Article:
We started in 1921 with a musical that brought the first all black cast to Broadway. A hundred years later, the biggest show on Broadway and the West End is another groundbreaking musical featuring a cast almost exclusively of people of colour. Thanks to its creator, Lin-Manuel Miranda, Hamilton has set a new standard for colour blind casting by employing mainly non-white actors to play people who were historically white. This casting provides a real and metaphorical illustration of the contribution of people from immigrant backgrounds can make to their adopted country, both in the USA but also here in great Britain. The number one is not one individual but all the casts that have made Hamilton a showcase for the talent of people of colour.

Two To Watch For

Here are two young people of colour destined to be major musical stars.

Miriam-Teak Lee had just left drama school when she blew everyone away with her performance in the Open Air Theatre production of On The Town. Then she got a part in the ensemble of original London production of Hamilton, followed by the lead role in the jukebox musical & Juliet, again giving a jaw-dropping performance for which she rightly for which she won an Olivier Award.

American Eva Noblezada has already played Kim in the 2014 London and subsequent Broadway revivals of Miss Saigon. She follows in the footsteps of Lea Salonga 25 years ago when she originated that role and has also followed her in playing Eponine in Les Miserables. Recently she played Eurydice in Hadestown to much acclaim. Hopefully we won’t lose her to the screen but her starring role in Yellow Rose was unforgettable.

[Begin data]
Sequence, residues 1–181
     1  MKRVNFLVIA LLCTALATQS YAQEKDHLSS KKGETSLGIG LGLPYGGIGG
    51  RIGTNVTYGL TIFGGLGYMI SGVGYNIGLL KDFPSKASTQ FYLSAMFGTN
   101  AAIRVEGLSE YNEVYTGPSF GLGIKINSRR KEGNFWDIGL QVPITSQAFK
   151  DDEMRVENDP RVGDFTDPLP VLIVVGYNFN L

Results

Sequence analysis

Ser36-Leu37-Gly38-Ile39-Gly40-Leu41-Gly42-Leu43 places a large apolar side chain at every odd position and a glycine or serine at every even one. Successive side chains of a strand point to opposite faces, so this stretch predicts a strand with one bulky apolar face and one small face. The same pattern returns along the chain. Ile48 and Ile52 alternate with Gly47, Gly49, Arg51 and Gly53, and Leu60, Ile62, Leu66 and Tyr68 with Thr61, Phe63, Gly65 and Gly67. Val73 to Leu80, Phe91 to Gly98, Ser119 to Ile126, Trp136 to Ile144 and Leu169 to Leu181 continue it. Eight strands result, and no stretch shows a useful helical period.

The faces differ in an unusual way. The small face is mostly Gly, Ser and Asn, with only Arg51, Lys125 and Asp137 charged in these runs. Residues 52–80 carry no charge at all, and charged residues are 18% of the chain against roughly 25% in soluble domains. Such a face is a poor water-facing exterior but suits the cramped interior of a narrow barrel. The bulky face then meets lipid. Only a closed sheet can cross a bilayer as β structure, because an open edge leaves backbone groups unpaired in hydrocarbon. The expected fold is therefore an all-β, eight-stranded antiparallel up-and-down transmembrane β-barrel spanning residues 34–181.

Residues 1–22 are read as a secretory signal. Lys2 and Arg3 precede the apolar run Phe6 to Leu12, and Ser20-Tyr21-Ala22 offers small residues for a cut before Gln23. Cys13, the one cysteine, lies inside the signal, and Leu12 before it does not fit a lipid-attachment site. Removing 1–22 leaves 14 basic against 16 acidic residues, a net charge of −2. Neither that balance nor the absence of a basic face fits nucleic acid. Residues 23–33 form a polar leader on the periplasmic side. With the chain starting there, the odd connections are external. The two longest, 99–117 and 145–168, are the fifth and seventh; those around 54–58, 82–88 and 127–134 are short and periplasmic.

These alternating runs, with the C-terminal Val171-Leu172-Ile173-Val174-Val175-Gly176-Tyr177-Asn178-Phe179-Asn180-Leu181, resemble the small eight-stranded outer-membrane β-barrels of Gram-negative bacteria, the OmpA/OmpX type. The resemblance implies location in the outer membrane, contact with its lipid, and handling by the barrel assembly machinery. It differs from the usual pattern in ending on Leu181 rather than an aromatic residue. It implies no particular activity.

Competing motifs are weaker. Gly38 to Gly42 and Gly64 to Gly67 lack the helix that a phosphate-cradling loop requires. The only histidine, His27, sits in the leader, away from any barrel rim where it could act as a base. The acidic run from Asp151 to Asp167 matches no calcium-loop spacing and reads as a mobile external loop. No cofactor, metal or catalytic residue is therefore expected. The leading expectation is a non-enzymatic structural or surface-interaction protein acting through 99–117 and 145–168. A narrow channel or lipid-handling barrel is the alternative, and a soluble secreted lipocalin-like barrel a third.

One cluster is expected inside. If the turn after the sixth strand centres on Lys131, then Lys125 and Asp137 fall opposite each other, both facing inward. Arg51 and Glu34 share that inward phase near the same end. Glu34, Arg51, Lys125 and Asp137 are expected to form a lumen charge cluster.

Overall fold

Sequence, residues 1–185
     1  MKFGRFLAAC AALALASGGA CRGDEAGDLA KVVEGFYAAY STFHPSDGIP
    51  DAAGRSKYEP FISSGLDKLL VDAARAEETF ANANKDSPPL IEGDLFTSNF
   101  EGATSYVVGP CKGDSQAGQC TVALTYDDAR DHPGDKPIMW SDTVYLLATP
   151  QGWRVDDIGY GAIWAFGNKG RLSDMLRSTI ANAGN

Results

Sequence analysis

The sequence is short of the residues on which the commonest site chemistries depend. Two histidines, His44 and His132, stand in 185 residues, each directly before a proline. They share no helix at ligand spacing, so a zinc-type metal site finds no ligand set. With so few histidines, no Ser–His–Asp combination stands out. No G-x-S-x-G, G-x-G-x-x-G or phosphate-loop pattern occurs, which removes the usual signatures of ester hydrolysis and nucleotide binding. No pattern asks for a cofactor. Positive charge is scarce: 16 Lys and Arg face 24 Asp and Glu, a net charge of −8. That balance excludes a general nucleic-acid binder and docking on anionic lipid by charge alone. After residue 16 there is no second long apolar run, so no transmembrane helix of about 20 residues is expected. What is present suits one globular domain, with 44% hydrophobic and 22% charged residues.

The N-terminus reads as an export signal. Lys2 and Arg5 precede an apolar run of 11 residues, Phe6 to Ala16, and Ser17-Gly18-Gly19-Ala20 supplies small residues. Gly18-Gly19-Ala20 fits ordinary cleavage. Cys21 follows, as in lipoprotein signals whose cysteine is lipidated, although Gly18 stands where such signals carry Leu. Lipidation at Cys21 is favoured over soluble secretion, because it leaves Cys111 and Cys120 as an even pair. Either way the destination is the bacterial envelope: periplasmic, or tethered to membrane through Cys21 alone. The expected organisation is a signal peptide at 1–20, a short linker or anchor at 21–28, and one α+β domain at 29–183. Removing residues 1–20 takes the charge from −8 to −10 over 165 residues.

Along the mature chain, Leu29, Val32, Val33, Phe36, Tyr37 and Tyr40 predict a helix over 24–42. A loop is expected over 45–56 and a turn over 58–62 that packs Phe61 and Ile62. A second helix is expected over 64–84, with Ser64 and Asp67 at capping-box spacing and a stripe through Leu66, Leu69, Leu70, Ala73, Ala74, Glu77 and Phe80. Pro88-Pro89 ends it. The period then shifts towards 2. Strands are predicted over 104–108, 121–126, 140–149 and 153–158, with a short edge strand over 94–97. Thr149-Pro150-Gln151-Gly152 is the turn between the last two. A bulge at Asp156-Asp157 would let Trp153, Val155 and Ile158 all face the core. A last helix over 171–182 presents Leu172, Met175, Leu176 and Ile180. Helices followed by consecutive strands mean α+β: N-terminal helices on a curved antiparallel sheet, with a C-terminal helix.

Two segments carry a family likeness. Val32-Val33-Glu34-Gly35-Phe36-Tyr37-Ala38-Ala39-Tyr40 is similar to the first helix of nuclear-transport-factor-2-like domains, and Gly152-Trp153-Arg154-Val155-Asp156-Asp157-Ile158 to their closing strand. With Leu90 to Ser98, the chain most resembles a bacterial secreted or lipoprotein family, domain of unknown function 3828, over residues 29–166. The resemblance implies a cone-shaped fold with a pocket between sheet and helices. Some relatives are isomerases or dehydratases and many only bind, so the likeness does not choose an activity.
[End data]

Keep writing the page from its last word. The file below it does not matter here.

You can see performances by many of the artists featured by visiting the YouTube channel One Minute Theatre Reviews and clicking on Playlists where you’ll find Top 10 People Of Colour in Stage Musicals.

The Box Office Radio podcast My Top Ten People of Colour in Stage Musicals presented by Paul Seven Lewis is available on mixcloud.com

 

 

Chadwick Boseman in Ma Rainey’s Black Bottom – review

Chadwick Boseman gives towering performance in film of August Wilson’s play

★★★★

Promotional photo for the Netflix film Ma Rainey's Black Bottom showing Viola Davis and dancers
Ma Rainey’s Black Bottom (Netflix)

Ma Rainey’s Black Bottom starring Chadwick Boseman and Viola Davis is a film of a play written by August Wilson in 1984.  Denzil Washington is one of the producers and he is known to be determined to bring all of the great playwright’s works to the screen. So how well did this play make the transition?